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The Sphinx (by Barbara Kaufman) is a dangerous woman. She is seductive, powerful and vulnerable. We note a fusion of roles: she is a voluptuous female, a seductress. She is a cat, a lioness, or a fighter, and a bird, an eagle, she can fly away.

In Greece, male gods like Zeus dominate the family. The Homeric Epics celebrate the vows of marriage as Helen consenting to marry Menelaus. Helen, the Sphinx, is a woman of fight and flight.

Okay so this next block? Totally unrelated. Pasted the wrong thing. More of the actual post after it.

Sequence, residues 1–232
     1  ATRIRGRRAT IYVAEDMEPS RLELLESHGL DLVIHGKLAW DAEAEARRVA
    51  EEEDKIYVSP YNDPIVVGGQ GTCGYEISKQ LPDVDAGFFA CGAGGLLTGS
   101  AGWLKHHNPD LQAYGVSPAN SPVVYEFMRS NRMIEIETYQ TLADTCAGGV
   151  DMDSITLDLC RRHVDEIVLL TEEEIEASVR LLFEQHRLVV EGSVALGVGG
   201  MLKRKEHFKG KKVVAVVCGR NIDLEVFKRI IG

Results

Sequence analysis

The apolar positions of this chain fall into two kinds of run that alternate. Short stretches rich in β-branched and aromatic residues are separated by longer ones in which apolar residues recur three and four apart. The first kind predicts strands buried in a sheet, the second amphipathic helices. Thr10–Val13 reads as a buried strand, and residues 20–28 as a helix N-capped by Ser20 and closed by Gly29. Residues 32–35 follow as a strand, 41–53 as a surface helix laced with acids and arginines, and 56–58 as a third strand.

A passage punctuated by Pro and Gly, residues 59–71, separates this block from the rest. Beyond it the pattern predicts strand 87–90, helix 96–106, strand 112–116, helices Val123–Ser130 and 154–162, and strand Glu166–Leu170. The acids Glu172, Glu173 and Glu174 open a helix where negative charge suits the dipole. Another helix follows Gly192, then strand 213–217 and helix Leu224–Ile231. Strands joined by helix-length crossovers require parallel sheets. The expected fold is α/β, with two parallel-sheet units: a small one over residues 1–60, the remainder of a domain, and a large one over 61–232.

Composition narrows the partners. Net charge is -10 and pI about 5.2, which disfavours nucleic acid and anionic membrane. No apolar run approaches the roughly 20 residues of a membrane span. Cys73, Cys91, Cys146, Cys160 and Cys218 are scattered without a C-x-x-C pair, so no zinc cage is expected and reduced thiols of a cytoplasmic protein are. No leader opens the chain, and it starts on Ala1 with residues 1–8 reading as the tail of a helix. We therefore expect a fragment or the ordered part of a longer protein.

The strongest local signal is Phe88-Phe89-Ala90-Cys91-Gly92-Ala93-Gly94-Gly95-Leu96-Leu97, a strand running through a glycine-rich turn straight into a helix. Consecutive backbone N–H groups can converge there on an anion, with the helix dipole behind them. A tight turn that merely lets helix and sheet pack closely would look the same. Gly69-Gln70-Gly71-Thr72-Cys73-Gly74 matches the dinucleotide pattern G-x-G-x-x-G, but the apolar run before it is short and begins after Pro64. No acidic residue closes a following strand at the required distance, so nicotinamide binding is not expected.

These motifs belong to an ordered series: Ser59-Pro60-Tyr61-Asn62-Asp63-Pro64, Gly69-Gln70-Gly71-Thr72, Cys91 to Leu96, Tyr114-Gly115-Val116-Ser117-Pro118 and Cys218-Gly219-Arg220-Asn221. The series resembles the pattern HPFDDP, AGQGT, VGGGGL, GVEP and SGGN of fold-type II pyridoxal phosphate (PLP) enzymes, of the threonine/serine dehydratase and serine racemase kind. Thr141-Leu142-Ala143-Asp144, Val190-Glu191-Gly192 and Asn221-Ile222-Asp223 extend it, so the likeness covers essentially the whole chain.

In those roles she manifested herself as both Iokasta, the mother of Oedipus and as Helen, the fairest of them all. Helen broke her marital vows and was punished by the betrayed suitors who had confronted Helen to choose one among them. She had chosen Menelaous, but she broke her marital vows as she flew the coop with Paris to Troy.The suitors retaliated, they started the Trojan war to teach a lesson to the matriarchal woman. They established respect for the marital institution.

This sculpture presents the Homeric Epics' impact in transforming the angry woman into a loving yet hostile partner.